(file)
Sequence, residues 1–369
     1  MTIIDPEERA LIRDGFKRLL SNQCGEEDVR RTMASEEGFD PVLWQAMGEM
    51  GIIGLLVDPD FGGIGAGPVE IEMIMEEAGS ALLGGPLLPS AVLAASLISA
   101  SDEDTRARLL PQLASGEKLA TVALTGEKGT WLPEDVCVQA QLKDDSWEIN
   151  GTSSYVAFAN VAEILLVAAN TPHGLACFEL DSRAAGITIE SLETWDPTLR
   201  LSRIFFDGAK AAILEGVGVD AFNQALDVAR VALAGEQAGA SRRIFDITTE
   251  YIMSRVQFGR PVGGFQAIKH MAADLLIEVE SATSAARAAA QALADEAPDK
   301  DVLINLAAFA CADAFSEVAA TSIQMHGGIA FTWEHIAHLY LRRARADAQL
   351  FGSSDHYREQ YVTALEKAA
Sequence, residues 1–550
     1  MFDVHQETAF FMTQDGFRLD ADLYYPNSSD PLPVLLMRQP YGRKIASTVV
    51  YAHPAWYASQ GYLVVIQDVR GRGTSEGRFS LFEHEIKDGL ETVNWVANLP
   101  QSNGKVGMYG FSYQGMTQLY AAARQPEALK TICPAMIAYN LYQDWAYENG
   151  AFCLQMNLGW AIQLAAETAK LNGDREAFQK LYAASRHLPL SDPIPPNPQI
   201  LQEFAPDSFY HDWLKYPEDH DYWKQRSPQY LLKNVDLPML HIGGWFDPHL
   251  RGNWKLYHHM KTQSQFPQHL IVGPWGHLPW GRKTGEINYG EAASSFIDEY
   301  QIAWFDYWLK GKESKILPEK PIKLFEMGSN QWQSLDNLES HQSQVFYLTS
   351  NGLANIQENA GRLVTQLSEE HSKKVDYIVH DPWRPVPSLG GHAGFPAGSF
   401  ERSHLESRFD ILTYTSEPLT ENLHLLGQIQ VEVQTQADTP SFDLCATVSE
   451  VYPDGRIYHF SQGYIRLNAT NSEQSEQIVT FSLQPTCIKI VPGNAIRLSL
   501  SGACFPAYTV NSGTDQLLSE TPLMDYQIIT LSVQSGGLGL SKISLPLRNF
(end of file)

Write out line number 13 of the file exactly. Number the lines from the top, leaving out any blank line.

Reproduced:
   101  QSNGKVGMYG FSYQGMTQLY AAARQPEALK TICPAMIAYN LYQDWAYENG